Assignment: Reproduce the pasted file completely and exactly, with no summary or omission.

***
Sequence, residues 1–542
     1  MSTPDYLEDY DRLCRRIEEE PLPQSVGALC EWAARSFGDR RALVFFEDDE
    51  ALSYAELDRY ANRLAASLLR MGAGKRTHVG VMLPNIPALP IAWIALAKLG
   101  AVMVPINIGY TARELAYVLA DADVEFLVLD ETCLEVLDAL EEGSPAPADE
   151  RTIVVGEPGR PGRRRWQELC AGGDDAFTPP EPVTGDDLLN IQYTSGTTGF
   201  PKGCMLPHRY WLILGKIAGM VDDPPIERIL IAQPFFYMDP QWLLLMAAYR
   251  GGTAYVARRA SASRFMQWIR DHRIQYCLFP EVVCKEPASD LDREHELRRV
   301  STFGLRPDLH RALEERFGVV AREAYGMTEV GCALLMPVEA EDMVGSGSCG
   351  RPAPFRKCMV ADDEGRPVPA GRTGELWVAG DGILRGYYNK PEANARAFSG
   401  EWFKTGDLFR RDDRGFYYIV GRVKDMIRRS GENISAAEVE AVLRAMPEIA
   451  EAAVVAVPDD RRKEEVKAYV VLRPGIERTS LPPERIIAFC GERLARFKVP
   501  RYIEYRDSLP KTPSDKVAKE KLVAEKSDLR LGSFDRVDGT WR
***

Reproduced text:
Sequence, residues 1–542
     1  MSTPDYLEDY DRLCRRIEEE PLPQSVGALC EWAARSFGDR RALVFFEDDE
    51  ALSYAELDRY ANRLAASLLR MGAGKRTHVG VMLPNIPALP IAWIALAKLG
   101  AVMVPINIGY TARELAYVLA DADVEFLVLD ETCLEVLDAL EEGSPAPADE
   151  RTIVVGEPGR PGRRRWQELC AGGDDAFTPP EPVTGDDLLN IQYTSGTTGF
   201  PKGCMLPHRY WLILGKIAGM VDDPPIERIL IAQPFFYMDP QWLLLMAAYR
   251  GGTAYVARRA SASRFMQWIR DHRIQYCLFP EVVCKEPASD LDREHELRRV
   301  STFGLRPDLH RALEERFGVV AREAYGMTEV GCALLMPVEA EDMVGSGSCG
   351  RPAPFRKCMV ADDEGRPVPA GRTGELWVAG DGILRGYYNK PEANARAFSG
   401  EWFKTGDLFR RDDRGFYYIV GRVKDMIRRS GENISAAEVE AVLRAMPEIA
   451  EAAVVAVPDD RRKEEVKAYV VLRPGIERTS LPPERIIAFC GERLARFKVP
   501  RYIEYRDSLP KTPSDKVAKE KLVAEKSDLR LGSFDRVDGT WR